American Heritage® Dictionary of the English Language, Fourth Edition
- n. A clear, very strong Chinese liquor distilled from sorghum.
- After Mao-Tai, a town of Guizhou province, China. (American Heritage® Dictionary of the English Language, Fourth Edition)
“Asians are proud of their local beverages, like sake in Japan, soju in Korea, and mao-tai in China.”
“•At each place at banquets, the Chinese set three glasses: a large one for beer, soda, or mineral water; a small wineglass; and a stemmed shot glass used for toasting usually with mao-tai, a very strong sorghum liquor.”
“They may serve mao-tai or other local liquor sometime during the meal.”
“A half-dozen times on the trip Chang and Sen had sat in the hold, sipped the potent mao-tai that the captain always had in good supply on his ship and talked about life in China and in the United States.”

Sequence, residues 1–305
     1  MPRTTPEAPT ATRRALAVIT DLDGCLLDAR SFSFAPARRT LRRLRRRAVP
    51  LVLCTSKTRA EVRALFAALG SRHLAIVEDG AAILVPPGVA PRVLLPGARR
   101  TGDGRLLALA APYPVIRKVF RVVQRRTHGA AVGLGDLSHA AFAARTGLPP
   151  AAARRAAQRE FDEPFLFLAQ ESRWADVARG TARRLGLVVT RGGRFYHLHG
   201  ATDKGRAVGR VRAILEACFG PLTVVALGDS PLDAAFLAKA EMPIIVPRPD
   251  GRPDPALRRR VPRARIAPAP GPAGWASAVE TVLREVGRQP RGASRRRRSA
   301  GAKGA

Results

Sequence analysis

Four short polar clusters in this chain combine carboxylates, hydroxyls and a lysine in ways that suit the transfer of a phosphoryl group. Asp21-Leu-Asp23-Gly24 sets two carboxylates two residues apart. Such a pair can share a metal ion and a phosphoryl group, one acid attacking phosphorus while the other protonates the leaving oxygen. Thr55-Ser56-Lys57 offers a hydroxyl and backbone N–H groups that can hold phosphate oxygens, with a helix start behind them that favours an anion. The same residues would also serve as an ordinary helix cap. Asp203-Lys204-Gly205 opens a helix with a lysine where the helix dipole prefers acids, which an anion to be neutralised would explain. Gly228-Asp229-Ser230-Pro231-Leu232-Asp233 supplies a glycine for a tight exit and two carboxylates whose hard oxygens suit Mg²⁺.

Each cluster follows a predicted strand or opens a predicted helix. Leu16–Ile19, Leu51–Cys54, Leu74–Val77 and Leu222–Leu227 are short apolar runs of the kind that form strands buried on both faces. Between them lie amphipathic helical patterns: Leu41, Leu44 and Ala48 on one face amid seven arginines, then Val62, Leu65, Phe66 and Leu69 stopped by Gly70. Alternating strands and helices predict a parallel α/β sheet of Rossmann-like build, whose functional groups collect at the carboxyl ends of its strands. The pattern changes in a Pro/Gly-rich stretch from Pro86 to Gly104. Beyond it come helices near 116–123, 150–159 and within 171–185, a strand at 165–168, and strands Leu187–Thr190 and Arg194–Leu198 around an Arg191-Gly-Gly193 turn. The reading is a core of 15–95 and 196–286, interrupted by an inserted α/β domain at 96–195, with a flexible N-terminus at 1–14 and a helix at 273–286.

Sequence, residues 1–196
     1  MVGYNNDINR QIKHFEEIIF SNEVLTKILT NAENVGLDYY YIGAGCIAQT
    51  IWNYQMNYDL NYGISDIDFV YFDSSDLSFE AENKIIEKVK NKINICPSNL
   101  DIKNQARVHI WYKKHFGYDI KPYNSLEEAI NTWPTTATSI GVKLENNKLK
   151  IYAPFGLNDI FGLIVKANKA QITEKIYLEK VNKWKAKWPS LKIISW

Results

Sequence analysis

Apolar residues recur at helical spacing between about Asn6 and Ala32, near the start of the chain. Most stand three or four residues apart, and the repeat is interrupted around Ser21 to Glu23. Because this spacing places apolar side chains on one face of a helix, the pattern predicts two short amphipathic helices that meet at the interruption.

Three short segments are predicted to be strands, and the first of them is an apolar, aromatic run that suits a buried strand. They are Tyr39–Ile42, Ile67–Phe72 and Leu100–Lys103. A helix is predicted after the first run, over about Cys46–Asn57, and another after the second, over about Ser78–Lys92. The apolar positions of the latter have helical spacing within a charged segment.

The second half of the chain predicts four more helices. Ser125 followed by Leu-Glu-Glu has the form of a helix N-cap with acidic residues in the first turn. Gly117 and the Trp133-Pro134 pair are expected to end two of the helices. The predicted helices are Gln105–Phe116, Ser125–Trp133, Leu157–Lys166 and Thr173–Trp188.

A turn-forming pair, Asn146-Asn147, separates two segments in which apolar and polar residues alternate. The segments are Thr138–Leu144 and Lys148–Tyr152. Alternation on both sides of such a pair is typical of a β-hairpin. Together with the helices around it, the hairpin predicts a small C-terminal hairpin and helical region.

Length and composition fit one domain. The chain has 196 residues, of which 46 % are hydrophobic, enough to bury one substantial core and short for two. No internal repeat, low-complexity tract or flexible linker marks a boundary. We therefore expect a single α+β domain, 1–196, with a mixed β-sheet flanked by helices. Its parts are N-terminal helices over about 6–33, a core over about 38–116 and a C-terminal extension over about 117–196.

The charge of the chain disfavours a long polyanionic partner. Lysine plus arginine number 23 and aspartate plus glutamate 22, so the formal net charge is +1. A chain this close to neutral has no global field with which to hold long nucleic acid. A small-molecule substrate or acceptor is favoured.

“He smoked three packs of cigarettes a day and drank liters of Tsingtao beer and mao-tai; soon he was winded and the little-used muscles in his legs started to cramp painfully.”
“He won the hand and laughed then poured mao-tai into the glasses of everyone at the table, except the dealer, who was not allowed to drink.”
“In any case, the mao-tai was vile, worse than the cheapest grappa.”
“He was drinking the mao-tai with a little more gusto.”
“Everyone had a tiny glass of mao-tai, which really was like drinking flavored lighter fluid, as he'd been warned.”
“The waiter came over, and with Nomuri's assent she ordered mao-tai, a fiery local liqueur.”
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